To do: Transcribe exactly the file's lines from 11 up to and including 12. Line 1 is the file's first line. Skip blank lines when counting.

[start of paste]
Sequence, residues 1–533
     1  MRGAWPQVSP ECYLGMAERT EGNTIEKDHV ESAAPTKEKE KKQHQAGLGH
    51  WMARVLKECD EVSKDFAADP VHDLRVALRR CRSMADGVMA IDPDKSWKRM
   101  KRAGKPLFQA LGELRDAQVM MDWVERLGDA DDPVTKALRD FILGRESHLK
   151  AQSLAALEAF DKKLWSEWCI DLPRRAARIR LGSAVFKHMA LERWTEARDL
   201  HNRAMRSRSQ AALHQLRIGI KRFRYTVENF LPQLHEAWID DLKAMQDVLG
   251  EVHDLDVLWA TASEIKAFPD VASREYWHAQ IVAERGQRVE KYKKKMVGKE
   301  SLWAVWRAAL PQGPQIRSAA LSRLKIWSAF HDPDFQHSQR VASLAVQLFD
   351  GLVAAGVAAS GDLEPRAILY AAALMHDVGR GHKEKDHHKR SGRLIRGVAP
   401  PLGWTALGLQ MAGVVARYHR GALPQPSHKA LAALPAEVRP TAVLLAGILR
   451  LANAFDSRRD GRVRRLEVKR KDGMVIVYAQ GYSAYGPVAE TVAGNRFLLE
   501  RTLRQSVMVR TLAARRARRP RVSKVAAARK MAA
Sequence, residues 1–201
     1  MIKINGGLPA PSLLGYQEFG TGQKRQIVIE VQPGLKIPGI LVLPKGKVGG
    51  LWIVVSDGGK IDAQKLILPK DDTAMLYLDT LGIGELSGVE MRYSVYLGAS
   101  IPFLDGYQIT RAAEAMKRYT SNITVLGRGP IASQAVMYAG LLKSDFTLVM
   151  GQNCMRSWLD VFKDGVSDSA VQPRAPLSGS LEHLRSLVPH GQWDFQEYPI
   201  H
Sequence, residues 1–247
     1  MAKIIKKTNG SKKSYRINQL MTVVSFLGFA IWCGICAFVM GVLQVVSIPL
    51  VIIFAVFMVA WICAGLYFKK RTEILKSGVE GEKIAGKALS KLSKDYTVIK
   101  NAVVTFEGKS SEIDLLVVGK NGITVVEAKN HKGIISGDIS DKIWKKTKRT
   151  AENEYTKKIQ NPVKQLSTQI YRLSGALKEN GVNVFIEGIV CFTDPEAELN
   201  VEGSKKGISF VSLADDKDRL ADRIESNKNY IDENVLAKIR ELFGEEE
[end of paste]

   451  LANAFDSRRD GRVRRLEVKR KDGMVIVYAQ GYSAYGPVAE TVAGNRFLLE
   501  RTLRQSVMVR TLAARRARRP RVSKVAAARK MAA